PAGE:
Stuart Armstrong appears to encounter more forks in the road these days than a rally driver.
In signing an improved two-year improved deal to stay at Celtic this time last year, the midfielder was never going to swerve speculation about his future for too long.
About to enter the final year of his contract again, the 26-year-old knows well how it works. Either he joins the likes of Tom Rogic and Kristoffer Ajer in committing to the club for the best years of his life. Or else it will protect its position by listening to all reasonable offers.
Celtic midfielder Stuart Armstrong has been linked with a summer move away from the club
Brighton and West Brom, his main potential suitors, have the capacity to offer him remuneration likely to be beyond Celtic’s reach.
For former Celtic skipper Tom Boyd, though, the player’s choice is becoming abundantly clear.
‘What do you want to be as a player?’ he asked. ‘Do you want to be a winner? Or do you want to just earn good money?
‘I really hope Stuart can stay at Celtic. We don’t want our best players leaving.
‘I know in the grand scheme of things there’s a big gap between the Scottish Premiership and the English Premiership. And he clearly has a decision to make.
‘But I don’t want to see Stuart go. Hopefully we can get him to stay – a five year contract would be nice.
‘I think he’s a happy man at Celtic. He’ll win things there.’ His medal haul to date isn’t too shabby, though. Four titles, two Scottish Cups, two League Cups – have all been attained in three-and-a-half years.
Former Celtic skipper Tom Boyd has urged the 26-year-old to stay at Celtic Park
Perhaps, for Celtic, therein lies the problem. Success may not have come easy to the former Dundee United player but he’s enjoyed it so quickly and to such an extent that he might feel the need for a challenge elsewhere.
And if it comes to pass that the player and his current paymasters come to an amicable agreement, shake hands and move on, Boyd feels the depth of the squad he’d leave behind would cope.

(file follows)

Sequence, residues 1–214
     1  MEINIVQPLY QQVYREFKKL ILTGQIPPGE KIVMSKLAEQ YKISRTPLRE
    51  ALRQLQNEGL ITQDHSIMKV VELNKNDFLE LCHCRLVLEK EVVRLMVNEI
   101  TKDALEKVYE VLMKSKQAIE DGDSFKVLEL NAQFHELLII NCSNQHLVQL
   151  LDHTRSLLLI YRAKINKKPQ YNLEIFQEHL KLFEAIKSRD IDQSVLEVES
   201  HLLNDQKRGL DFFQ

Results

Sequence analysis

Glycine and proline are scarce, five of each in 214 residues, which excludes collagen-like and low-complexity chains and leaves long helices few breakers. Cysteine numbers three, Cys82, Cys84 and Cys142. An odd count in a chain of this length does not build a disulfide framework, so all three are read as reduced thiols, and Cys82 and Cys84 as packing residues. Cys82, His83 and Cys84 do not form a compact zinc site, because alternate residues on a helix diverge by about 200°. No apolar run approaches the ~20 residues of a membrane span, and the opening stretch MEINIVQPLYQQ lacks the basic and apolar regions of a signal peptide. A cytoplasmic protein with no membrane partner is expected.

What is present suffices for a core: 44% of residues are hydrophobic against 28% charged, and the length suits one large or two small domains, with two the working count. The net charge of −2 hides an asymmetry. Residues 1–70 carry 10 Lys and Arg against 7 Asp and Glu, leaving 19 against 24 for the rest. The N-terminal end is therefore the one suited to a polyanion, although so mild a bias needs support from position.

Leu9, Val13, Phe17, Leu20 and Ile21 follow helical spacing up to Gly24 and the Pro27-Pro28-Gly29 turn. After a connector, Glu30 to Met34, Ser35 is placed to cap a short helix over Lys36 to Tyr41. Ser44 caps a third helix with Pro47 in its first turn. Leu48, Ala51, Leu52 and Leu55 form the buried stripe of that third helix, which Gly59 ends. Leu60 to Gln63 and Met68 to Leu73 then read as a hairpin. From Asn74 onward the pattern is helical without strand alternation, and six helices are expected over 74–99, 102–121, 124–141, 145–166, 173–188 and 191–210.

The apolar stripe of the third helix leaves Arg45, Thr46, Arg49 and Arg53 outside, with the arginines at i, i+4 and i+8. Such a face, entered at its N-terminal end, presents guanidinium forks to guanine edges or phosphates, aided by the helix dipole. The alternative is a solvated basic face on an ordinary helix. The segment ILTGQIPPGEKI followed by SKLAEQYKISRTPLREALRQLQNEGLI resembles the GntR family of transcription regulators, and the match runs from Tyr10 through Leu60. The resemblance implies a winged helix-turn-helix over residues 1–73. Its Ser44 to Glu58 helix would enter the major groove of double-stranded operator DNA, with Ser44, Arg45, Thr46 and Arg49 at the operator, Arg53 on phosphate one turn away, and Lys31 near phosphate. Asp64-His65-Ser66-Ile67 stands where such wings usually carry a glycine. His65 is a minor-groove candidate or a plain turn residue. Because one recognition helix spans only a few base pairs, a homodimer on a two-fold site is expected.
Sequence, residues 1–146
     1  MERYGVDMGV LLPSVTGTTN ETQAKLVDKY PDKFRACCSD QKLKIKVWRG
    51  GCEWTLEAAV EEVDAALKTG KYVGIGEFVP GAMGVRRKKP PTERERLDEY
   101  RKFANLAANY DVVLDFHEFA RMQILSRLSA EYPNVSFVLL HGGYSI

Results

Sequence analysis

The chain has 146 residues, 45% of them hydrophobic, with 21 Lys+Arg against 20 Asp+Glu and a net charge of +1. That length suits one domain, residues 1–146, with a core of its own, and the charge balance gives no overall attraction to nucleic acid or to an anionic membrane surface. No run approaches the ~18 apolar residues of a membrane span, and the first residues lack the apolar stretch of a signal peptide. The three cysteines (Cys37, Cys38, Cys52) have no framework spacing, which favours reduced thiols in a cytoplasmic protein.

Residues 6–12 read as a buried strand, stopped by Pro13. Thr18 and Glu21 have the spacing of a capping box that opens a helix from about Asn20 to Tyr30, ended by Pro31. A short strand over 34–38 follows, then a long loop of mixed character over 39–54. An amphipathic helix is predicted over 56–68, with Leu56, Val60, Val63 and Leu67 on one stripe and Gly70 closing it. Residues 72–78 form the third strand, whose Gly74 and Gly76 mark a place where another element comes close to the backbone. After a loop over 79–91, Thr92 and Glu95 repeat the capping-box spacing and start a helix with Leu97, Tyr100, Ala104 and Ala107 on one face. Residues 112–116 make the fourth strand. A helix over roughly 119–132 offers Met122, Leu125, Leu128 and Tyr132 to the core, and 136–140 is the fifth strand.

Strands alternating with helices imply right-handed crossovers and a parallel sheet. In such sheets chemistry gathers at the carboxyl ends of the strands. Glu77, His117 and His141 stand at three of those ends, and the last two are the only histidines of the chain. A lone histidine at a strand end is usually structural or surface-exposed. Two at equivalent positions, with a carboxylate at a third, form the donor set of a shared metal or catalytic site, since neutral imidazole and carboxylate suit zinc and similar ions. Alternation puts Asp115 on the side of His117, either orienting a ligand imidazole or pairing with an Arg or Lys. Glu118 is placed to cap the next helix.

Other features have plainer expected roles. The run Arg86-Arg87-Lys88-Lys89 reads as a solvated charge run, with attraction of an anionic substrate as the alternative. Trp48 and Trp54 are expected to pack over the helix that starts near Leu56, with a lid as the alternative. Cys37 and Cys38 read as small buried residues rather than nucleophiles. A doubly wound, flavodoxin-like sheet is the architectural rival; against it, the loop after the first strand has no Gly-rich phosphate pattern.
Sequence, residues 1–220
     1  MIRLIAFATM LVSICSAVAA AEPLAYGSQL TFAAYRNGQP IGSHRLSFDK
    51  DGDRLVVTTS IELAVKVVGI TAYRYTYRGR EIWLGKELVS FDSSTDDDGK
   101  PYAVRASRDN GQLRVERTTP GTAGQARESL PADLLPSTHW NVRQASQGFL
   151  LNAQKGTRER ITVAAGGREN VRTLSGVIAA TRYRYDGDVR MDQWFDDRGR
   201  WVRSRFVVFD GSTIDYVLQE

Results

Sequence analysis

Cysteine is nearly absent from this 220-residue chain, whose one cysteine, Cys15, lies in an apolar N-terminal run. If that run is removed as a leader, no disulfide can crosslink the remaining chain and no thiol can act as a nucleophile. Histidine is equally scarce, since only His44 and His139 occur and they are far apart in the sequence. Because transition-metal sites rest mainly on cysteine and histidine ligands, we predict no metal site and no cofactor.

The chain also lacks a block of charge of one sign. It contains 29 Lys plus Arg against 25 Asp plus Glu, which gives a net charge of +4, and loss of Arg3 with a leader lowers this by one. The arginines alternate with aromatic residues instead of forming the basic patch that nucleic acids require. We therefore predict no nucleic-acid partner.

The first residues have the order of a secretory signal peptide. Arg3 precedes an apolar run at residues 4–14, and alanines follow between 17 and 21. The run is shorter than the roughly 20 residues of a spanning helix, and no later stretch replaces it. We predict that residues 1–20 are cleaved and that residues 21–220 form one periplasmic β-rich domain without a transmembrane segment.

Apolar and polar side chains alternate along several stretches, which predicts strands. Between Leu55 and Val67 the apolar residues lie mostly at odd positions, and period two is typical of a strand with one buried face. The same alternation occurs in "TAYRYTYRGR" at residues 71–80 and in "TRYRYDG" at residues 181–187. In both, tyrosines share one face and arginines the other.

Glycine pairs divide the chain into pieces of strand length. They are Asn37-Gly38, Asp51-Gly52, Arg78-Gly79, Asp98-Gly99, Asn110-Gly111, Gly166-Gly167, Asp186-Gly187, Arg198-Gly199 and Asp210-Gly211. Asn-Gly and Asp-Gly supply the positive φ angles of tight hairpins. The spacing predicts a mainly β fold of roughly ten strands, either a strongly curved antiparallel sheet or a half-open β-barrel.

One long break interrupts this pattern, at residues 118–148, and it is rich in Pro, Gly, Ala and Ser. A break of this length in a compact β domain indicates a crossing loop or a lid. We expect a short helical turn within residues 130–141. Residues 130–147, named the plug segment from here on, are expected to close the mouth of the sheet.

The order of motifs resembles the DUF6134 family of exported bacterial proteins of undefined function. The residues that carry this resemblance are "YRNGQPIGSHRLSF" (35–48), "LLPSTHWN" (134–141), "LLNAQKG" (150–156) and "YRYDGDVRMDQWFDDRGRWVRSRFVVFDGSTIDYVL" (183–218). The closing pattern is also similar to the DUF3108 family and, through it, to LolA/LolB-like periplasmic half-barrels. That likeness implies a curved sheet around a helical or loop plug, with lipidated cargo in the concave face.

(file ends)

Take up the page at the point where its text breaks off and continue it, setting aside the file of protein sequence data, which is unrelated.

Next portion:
‘Celtic are well covered in the midfield areas,’ he said. ‘If something was to happen, that Stuart decides to leave, then we’ve certainly got a lot of other options.
‘We’ve got good players in there; (Callum) McGregor and (Tom) Rogic – similarly attack minded boys.
‘But, we don’t want a player like that to leave and what he brings to the football club. He’s got great drive and ability and we’d rather see him here.
‘At the moment, where it lies, if somebody was to come in and make a good offer then there needs to be serious consideration.
‘But he’s still a Celtic player and hopefully he will stay a Celtic player.’ Brendan Rodgers could certainly do with Armstrong remaining on board at least for the duration of the Champions League qualifiers.
Set to face the first of four hurdles on July 10/11, the Celtic manager faces an appreciably tougher task to take his side into the group stages than in the past two years.
Boyd hopes the Scottish champions can keep ahold of Armstrong and offer him a new deal
‘There’s so much against Celtic in terms of qualifying,’ Boyd offered.
‘They’ve now got four rounds to overcome and that’s a massive ask.
‘Hopefully they do well. But we need all of the other Scottish clubs to get better. It helps the coefficient. Ultimately, that can stop Celtic from having to play four qualifying rounds.
‘We need Scottish football to get better and I think the signs are there we can.’ With Steven Gerrard in at Rangers, Alan Stubbs the new manager of St Mirren, and Neil Lennon, Steve Clarke and Derek McInnes remaining in charge at Hibs, Kilmarnock and Aberdeen, Boyd envisages the forthcoming domestic campaign being compelling.
‘The competition in the league is improving,’ he said. ‘I know Celtic are still the strongest side but things are getting better.
‘The Steven Gerrard factor is unknown at the moment. Hearts should also be better. Hibs did ever so well last year.
‘So we hope Scottish football can keep on the rise and get the country back on the map in terms of Europe.
‘We’ve seen it so many times in recent years, clubs being knocked out in the first round of qualifiers; clubs from countries like Estonia and even last year, Luxembourg.
‘To get better, to stop us having so many qualifiers, we need to achieve better results. It means everybody – it can’t just be one team delivering.’
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